Lord GLENELG denied that it was the intention of Government to mike the two provinces. Ile opposed the amendment, as inconsistent with the principle of the bill.

Lord ELLENBOROUGH was convinced that the measure would fail, and felt bound to express his opinion to that effect—

If it were intended at some time or other to call together a Legislative As- sembly in Lower Canada, it would be impoesible to take such a step udvanta.

geoudy after the passing of this bill. It was impossible to cherish a hope that under such cireutteitances any lapse of time should render it practicable to call such a Legislative Assembly together; for during the whole interval, every teens would be used to irritate the feelings of the people of Canada. They would he operated upon internalle, and they would be operated upon from with. out. Persons from the United titters would be constantly at work among then, endeavouring by every possible meaus to excite then iu a way that must terminate in revolt.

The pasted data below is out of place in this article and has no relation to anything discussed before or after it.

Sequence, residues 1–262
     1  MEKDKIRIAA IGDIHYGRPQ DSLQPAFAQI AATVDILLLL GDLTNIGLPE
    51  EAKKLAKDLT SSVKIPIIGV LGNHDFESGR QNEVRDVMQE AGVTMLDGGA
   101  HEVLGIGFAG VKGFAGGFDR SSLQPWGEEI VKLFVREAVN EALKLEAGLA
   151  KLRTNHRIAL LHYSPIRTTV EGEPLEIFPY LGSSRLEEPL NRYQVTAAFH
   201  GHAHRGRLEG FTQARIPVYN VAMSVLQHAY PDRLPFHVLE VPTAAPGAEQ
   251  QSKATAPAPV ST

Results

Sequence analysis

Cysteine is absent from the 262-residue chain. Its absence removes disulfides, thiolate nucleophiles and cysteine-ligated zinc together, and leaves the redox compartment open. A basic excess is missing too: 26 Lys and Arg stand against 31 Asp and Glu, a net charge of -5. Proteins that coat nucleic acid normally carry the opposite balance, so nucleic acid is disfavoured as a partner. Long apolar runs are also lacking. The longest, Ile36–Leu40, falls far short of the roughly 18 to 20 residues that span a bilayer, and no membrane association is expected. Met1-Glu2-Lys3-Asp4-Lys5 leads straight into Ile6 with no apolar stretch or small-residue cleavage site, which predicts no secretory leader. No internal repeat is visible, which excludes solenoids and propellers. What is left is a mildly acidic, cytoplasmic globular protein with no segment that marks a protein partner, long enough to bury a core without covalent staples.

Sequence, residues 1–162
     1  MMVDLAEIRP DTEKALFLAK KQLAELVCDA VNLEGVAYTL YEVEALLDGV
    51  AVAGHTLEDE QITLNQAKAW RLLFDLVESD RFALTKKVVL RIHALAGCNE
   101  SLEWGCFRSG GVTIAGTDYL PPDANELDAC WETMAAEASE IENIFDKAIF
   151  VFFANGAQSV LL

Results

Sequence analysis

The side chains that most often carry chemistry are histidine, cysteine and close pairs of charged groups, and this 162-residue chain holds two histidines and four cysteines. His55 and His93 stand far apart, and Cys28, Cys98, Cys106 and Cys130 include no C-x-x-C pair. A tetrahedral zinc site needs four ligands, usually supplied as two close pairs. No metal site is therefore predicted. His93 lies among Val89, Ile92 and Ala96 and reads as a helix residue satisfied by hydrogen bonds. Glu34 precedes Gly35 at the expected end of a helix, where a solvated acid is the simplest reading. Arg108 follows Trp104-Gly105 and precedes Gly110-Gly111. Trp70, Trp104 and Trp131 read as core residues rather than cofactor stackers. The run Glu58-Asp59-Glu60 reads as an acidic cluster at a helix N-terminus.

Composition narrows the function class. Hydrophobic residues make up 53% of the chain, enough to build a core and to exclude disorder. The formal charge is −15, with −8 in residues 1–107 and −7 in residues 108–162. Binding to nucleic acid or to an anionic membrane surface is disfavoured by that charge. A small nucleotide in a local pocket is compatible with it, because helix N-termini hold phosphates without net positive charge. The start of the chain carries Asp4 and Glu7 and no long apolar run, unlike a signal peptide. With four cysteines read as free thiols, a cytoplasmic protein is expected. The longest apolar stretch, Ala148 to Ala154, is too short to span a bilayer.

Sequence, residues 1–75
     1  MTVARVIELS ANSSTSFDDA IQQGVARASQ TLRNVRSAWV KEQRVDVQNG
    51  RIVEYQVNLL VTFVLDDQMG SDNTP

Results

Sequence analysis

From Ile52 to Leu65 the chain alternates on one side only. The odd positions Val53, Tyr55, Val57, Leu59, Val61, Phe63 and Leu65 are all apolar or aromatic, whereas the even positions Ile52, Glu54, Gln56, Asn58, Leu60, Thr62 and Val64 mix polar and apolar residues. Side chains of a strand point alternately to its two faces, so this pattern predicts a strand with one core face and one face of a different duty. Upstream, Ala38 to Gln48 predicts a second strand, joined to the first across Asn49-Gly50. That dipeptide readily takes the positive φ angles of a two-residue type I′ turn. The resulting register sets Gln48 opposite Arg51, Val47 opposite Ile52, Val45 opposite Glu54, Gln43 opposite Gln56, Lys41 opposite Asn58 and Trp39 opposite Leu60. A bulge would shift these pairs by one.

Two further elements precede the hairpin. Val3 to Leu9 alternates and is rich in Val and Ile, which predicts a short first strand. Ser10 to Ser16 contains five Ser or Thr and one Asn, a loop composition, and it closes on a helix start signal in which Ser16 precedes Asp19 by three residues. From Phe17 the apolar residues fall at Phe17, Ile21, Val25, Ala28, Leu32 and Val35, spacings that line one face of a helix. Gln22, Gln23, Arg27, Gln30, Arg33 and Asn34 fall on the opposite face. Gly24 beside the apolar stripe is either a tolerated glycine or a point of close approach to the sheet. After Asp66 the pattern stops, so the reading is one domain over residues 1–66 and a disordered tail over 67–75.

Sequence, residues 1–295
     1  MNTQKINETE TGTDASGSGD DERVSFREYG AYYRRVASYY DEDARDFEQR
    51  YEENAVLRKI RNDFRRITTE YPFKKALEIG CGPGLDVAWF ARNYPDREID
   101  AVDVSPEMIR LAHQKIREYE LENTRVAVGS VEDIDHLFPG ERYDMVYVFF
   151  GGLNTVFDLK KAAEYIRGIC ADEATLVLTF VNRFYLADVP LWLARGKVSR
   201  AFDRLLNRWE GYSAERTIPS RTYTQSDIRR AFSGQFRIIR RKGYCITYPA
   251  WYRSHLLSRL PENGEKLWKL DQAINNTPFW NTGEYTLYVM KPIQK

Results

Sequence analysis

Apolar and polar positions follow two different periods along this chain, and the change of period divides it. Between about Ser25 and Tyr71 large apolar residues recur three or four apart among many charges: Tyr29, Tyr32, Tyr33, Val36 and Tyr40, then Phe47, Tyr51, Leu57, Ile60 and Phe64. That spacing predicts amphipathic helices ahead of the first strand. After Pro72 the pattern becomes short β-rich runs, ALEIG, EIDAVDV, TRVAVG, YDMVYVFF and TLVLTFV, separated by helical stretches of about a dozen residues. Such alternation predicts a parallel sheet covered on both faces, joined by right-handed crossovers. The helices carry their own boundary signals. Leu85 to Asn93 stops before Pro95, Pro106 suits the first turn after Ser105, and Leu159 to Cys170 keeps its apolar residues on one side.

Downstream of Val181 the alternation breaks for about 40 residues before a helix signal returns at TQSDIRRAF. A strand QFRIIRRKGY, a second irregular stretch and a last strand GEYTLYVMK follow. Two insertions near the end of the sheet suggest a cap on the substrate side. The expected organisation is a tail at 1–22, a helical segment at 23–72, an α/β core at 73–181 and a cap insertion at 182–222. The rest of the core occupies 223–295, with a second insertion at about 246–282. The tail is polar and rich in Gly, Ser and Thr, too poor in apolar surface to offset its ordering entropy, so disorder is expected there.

The amendment was negatived, and the bill passed. -- a In the [louse of Commons, On Monday, the order of the day for the second reading of the Irish Poor Bill having been read, Lord JOHN RUSSELL moved that the bill be read a second time.

Sir CHARLES STYLE said that he could not reconcile it to his con- science to oppose the bill ; but his objections to it were numerous